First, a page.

Touching on the future, Daisy talked about how relieved and excited she is to be reopening The Deck, when national guidelines allow it. In the long-term, her goal is to suit as many women as possible across the globe – large global demand has showcased how big the market could be. She added jokingly, “really, it’s about world domination. It’s about trying to get as many wonderful women in our suits as possible.”
Then, it was the second half and questions from the members. Daisy gave an answer about her favourite suit to wear – a double-breasted “three-piece pinstripe suit” with flare trousers, to be exact – and emphasised the powerful versatility of suits and also how they facilitate “buying less and buying better.” One of our members, Andrea, also prompted a response about how Daisy was able to find her head tailor, an amazingly talented Slovakian woman who came from a family of tailors. Anastasia asked about Daisy’s views on the fashion industry as a whole and how hopeful she is that restrictive conservative standards will change so the sector can become more diverse: “For us, we’re ageless, our clients are eighteen to eighty, every size, every shape, every age, that’s us but that’s not going to change anything, so these big companies have to change.” Thea then asked about Daisy’s most memorable suit she’s fitted for someone else to which Daisy gave responses about the inspirational model Lauren Hutton and, of course, her own mother for whom The Deck made a beautiful three-piece suit, in “bright purple velvet with yellow lining”.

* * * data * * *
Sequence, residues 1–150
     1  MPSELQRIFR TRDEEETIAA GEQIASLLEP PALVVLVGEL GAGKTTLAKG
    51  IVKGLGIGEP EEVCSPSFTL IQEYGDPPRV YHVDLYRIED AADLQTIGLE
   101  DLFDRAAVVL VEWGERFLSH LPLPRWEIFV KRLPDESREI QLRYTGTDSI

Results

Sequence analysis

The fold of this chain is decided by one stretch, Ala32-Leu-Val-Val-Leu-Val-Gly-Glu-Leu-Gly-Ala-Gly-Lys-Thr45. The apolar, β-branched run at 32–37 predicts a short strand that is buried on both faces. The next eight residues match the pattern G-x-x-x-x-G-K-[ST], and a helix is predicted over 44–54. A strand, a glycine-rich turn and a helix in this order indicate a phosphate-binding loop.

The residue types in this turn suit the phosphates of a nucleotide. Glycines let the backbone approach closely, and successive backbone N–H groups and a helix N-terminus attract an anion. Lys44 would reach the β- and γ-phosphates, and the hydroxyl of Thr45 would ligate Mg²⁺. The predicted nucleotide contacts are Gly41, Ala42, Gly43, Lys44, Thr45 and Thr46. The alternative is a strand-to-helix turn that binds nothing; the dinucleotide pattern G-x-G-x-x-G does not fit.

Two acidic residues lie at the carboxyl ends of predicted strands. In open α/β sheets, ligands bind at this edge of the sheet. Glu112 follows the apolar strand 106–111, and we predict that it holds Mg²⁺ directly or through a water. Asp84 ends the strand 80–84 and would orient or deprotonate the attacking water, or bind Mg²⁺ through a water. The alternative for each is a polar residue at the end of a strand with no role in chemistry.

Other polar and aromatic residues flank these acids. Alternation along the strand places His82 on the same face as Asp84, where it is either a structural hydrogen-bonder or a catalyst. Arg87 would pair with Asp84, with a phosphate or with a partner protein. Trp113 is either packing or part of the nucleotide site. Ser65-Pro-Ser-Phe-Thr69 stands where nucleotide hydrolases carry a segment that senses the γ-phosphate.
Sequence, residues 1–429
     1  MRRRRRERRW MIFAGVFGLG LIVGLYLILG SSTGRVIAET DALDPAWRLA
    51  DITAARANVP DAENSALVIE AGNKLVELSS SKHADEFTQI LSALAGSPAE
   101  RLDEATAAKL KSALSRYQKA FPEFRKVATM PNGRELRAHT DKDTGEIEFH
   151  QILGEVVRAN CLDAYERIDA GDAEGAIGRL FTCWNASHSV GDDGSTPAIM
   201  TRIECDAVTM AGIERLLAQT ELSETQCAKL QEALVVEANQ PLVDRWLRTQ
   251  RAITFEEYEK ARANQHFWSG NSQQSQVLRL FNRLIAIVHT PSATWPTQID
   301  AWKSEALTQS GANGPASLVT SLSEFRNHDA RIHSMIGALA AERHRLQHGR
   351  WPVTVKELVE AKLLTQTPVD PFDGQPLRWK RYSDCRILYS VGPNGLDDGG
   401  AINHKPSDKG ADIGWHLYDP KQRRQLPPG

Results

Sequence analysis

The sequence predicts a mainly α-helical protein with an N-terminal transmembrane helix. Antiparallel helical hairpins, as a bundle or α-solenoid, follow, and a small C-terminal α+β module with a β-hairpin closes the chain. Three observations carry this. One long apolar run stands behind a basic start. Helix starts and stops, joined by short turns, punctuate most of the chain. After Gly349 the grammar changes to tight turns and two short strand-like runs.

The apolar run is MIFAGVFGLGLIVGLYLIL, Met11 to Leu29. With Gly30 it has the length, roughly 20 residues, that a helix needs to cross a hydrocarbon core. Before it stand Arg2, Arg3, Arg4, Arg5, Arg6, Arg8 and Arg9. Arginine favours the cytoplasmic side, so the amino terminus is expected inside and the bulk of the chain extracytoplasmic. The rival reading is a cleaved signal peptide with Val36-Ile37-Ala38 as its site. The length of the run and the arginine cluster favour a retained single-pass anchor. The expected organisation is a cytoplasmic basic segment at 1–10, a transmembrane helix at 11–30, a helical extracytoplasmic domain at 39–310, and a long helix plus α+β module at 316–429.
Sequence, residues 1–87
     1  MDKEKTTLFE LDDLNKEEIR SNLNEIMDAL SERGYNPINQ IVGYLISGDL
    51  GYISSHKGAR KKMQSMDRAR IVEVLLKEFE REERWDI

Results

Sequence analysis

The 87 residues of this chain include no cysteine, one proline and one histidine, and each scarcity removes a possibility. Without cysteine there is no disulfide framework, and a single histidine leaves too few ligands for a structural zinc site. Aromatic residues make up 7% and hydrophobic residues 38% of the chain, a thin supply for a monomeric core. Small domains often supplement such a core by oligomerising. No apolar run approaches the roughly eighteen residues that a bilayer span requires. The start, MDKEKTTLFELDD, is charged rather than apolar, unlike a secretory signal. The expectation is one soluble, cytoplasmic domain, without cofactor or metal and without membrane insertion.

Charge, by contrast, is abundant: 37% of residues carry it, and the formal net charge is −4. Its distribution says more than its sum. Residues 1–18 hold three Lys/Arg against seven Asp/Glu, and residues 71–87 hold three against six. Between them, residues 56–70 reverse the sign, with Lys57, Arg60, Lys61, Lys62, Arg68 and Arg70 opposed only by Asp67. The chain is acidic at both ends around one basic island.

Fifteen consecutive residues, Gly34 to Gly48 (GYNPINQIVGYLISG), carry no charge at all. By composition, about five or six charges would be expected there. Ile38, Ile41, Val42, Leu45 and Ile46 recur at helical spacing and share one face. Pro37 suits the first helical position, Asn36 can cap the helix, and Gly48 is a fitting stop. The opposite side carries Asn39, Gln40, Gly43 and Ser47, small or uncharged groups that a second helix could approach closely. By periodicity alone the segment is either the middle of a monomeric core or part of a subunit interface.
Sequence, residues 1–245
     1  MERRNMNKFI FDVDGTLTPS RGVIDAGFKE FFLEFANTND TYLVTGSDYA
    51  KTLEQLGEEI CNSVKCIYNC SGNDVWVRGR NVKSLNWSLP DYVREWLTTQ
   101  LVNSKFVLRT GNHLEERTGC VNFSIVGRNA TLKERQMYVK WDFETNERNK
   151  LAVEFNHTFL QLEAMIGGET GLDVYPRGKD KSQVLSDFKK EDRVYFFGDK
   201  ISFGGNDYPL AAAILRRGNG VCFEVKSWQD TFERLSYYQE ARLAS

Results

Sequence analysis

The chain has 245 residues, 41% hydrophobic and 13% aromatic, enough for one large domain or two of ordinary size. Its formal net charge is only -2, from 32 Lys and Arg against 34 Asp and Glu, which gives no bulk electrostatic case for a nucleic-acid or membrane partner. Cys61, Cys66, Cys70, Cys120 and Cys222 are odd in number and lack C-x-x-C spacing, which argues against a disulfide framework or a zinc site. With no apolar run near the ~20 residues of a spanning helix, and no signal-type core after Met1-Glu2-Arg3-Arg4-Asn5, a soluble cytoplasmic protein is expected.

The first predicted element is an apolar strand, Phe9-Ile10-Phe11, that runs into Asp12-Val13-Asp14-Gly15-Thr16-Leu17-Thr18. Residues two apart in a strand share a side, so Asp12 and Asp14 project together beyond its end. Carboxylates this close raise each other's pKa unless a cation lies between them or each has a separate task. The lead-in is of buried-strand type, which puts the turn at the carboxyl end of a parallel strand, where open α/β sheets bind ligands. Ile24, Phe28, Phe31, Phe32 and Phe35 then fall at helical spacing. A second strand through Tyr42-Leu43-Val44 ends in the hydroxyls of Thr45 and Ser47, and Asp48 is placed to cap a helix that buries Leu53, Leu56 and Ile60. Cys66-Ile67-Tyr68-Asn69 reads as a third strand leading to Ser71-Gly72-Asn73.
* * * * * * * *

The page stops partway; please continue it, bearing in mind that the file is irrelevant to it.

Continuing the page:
Daisy proceeded to talk about how she was able to slip into Savile Row through the “backdoor” and wasn’t seen as a threat by the other tailoring companies; indeed, for the most part, she has received nothing but praise and support from them. They “celebrated with open arms the change that needed to happen.” Finally, Daisy advises that anyone looking to start a business should make sure they have the basics – trademarking, corporation tax, etc. – covered as these aspects can seem so complicated but they are so crucial. “There are so many moving parts and so many things to think about”. She described her experience studying finance and accounting modules online for three months, expressing her desire to create some “sort of bible” for female entrepreneurs to help them avoid making the mistakes that she did early on.
The questions then at an end, Hannah rounded the two sessions off by announcing her intentions to start up Women Who Lead as a real business – a global company, movement, and initiative – next year, during her year abroad.
Finally, the event was finished off beautifully by the performances of two original spoken-word poems, ‘Passport Poem’ and ‘Skin’. Both explored the theme of personal identity, combining descriptions of the body with rich natural imagery as well as allusions to place.
Overall, the event was a tremendous success, offering an inspirational insight into the world of bespoke tailoring and female entrepreneurship. Hannah ended by thanking Daisy and everyone else who attended, adding “I’ll definitely be wearing my suit tomorrow to celebrate.”